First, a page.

'Home is Where the Art is' is a project by the Isle of Man Arts Council which aims to inspire the Manx public whilst supporting and celebrating creative in isolation on and from the Isle of Man. Stay tuned everyday of May to see a number of fantastic videos from creatives as part of our Home is Where The Art Is project.
We will be adding videos each day in summary of Week Three! Kicking us off is week is Alice Dudley!
Alice Dudley sings and draws Ushag Veg Ruy.
Alice Dudley is a second year Fine Art student at Falmouth University, and a singer/songwriter. Though not the primary focus of her practice, Alice has found herself unexpectedly drawing on Manx Culture often in her recent work.
“My mum used to sing this song to me when I was a child, to help me sleep. When I first moved away from home, I was incredibly homesick and began revisiting childhood memories like this one for the first time in years. It was at this point that I recorded myself singing the song for a university project. Now a year on and living at home again during the lockdown, I find myself feeling nostalgic once more. Having recently started experimenting with hand-drawn animation, I decided to create an animation to play alongside the song.”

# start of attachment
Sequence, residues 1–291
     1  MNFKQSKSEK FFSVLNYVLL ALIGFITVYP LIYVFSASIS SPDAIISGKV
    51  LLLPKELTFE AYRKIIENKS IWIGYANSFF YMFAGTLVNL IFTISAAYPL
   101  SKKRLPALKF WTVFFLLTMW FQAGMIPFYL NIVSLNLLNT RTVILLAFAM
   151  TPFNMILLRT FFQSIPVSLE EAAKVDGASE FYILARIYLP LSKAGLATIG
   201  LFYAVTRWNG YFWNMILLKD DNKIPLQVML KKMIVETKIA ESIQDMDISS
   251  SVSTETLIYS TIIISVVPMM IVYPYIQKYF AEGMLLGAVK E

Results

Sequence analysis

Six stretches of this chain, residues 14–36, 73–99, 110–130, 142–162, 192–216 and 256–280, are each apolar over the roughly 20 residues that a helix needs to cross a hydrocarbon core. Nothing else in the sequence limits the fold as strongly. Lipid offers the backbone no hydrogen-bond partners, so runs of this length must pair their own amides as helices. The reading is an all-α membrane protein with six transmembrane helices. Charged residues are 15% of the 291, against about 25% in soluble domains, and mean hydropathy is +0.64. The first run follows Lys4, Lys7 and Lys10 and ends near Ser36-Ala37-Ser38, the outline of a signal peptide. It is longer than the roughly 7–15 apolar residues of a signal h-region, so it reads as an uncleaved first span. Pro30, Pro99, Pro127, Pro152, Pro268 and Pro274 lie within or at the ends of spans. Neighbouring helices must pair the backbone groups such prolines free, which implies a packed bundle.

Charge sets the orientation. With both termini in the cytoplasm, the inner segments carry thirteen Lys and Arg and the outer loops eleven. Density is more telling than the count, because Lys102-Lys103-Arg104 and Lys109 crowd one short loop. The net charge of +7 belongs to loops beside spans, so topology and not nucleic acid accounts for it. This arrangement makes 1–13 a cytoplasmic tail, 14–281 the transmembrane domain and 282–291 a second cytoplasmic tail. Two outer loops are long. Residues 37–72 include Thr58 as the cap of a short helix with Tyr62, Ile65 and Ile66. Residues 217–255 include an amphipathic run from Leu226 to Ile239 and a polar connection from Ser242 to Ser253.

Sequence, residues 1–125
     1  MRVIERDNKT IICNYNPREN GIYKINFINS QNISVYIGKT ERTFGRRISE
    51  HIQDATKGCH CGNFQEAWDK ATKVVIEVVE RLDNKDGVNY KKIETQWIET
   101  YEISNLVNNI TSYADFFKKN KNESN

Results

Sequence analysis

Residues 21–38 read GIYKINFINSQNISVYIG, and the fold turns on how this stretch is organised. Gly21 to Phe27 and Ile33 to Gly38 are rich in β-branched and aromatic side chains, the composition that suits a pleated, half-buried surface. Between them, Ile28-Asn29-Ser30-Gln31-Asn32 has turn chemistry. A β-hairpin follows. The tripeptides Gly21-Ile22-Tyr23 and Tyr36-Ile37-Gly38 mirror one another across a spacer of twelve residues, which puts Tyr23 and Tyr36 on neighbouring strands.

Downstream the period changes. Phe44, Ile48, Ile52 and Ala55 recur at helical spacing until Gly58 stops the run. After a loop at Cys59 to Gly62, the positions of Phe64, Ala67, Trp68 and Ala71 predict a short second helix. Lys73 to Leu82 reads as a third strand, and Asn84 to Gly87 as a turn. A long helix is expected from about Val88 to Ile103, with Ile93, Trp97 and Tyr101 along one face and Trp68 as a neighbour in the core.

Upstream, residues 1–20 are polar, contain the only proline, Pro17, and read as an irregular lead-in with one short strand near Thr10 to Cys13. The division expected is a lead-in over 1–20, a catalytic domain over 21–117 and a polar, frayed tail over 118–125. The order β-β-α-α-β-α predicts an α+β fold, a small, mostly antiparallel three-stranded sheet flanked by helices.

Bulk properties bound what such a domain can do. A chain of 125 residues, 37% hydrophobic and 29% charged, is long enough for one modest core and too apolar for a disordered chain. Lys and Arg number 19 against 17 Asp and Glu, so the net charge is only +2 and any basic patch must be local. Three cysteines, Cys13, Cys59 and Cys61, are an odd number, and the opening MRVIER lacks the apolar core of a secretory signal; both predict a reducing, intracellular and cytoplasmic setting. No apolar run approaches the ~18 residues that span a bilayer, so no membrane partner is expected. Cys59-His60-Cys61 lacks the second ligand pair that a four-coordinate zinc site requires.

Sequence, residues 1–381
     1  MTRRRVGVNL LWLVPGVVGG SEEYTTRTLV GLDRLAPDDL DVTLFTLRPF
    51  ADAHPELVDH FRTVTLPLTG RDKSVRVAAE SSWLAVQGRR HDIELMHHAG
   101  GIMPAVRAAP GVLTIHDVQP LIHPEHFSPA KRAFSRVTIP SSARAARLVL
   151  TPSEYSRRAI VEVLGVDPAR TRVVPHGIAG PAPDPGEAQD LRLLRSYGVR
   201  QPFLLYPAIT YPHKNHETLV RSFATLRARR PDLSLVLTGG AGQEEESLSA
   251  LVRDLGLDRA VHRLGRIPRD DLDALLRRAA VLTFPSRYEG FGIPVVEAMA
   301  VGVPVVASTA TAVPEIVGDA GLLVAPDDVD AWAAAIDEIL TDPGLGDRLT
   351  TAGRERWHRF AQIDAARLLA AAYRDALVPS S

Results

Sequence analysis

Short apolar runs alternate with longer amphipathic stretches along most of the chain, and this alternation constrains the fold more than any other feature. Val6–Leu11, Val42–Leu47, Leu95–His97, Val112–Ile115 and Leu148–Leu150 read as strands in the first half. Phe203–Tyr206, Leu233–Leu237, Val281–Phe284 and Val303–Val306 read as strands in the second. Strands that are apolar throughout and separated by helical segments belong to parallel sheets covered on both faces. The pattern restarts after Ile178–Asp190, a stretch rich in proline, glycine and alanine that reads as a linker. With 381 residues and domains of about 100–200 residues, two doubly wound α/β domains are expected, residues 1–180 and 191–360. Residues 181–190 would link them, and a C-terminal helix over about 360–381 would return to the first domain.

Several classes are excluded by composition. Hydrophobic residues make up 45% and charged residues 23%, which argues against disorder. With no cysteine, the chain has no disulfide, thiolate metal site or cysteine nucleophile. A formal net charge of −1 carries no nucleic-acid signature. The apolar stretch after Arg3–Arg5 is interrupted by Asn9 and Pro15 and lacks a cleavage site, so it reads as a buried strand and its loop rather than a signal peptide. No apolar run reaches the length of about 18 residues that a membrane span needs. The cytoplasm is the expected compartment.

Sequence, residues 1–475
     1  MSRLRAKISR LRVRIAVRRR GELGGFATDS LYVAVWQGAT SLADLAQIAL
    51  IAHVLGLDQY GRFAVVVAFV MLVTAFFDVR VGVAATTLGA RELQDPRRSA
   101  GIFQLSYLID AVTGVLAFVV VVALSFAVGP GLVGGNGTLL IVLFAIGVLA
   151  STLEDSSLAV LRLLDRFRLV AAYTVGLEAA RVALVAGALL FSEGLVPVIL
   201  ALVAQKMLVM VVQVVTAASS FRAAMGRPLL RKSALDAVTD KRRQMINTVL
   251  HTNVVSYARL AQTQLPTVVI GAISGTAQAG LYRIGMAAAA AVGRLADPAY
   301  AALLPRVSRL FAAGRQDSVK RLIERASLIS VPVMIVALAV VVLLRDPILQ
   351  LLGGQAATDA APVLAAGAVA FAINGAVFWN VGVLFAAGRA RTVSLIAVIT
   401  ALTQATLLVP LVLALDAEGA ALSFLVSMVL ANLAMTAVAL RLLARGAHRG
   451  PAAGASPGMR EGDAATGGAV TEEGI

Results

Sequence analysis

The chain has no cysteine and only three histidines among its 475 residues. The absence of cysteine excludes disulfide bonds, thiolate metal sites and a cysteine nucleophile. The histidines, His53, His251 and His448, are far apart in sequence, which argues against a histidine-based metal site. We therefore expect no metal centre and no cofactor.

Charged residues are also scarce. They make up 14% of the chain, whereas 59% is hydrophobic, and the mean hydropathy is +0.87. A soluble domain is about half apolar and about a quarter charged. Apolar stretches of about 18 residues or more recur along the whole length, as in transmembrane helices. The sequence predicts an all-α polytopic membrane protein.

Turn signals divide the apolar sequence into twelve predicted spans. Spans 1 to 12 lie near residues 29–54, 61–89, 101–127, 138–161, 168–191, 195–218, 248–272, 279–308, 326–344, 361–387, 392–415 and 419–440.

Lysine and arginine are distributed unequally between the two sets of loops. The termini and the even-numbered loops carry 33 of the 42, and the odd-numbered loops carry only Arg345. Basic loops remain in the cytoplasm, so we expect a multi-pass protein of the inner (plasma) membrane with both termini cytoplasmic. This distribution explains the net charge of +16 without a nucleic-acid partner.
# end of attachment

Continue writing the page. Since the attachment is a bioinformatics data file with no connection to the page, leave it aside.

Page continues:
Growing up on an island has made Alice fiercely protective of her home and its customs, and says that leaving makes you realise just how unique it truly is. A lot of Alice’s recent work has been an exploration of her homesickness, and part of this means clinging fervently to the parts of our culture that she remembers most fondly.
Local bandsman, James Craig creates brilliant music video with fellow musicians in lockdown.
James Craig is a local part time muso and plays in various bands live around the Island including Pigs on The Wing, Ok Computer, In The Blood, and Caution Runners.